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Silvercore Instructor Review - Veritac Global Training's Dismounted Small Teams Operation Course
On the weekend of October 26th, I participated in Veritac Global Training’s Dismounted Small Teams Operation (DSTO) course.
Veritac is a Canadian company based out of British Columbia with operations in Latin America, East, and West Africa. They provide services related to the high-risk protection industry in both austere and non-permissive environments. The company also provides expert services in due diligence & investigations, executive protection (EP), tactical medicine, logistics, training & mentoring, risk management, kidnap & ransom (K&R) response, and human trafficking recovery. They also provide specialty training in close protection, tactical firearms operation and tactical medicine to government organizations such as law enforcement, Non-Governmental Organizations (NGO’s), as well as the private sector.
The company’s training cadre are subject matter experts and, although many are former Canadian Armed Forces, including JTF2, they do draw from other sectors such as specialized policing and the private security industry. All of Veritac’s trainers are actively involved in the close protection, risk consultancy, and tactical medicine industry.
As a long time firearms instructor myself, I have taken many training courses over the years from a variety of instructors ranging from basic to advanced training. What piqued my interest in this particular course was that it was more than just a shooting course: the session heavily focussed on the close protection element which meant working in a team, tactical medicine, disengaging, and movement skills combined with live fire. I have been interested in learning and practicing tactical first aid in a realistic context, rather than just learning online, and this course provided an excellent opportunity to do that!
The first night began with a lecture format and PowerPoint presentation on tactical first aid. In this portion of the course, we covered many different phases of care. Stages of care covered were care under fire, tactical field care, tactical evacuation, the application of tourniquets, chest seals, and wound packing.
Some of these concepts were entirely new to me and some I had studied previously. The instructors explained both the information I already knew and the new ideas in a way that was easily understood by all.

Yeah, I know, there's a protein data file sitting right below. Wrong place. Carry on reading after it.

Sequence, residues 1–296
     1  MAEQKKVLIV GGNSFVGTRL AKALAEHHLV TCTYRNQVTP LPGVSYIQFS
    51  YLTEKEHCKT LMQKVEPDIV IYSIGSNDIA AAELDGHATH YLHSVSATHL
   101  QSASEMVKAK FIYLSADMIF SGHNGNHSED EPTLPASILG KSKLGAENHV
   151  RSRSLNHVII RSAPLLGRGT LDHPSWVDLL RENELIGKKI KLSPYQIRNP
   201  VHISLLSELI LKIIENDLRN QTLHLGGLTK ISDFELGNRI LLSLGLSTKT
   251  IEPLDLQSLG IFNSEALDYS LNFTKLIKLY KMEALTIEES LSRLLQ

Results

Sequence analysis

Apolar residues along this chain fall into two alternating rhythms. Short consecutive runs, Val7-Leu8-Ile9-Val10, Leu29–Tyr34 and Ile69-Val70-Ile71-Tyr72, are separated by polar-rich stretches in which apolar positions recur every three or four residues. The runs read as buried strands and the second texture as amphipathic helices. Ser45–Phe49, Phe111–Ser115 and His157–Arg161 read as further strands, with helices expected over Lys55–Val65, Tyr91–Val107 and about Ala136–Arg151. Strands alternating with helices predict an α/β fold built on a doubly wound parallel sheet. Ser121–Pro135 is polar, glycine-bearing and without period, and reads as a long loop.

The downsides of having to provide care were also explained, such as how good medicine is often in conflict with good tactics, which became even more apparent once practiced live. The remainder of the first evening was spent on the range learning and practicing tourniquet application and wound packing on ourselves and our buddies, skills that require hands-on practice. The props, including fake blood, used to practice wound packing demonstrated how intense it would be on a human.
Day two began similarly to the first. The day started with PowerPoint material and then moved onto a review of tactical medicine as well as some close protection concepts about team roles, formations, and essential terminology. Throughout the morning we were challenged continuously with tactical first aid skills as instructors would intermittently and without warning shout out injuries on ourselves or other classmates that we had to deal with quickly and correctly.
We then practiced dragging each other out of harm’s way as well, which sure was fun with my 250 lb partner. I had the misfortune of dropping a handcuff key from my kit which also led to a punishment of several push-ups in full gear…being in half decent shape sure helped on this course!
Once on the range, we were given the opportunity to warm up and get some rounds down range. There was a mix of skill levels on the line so coaching was done to verify skills were adequate to continue with higher level skills. We continued to practice a mixture of live fire and blue gun practice of varying skills related to close protection, including the occasional call for self-aid or buddy aid. Tactical formations were practiced, breaking contact drills and bounding back to cover in a small team was the highlight of the day. Focussing on what you and everyone around you were doing mixed with communication and shooting was extremely fun and challenging. The combination of classroom and field practice was the perfect balance as we moved from the range to the classroom and back throughout the day.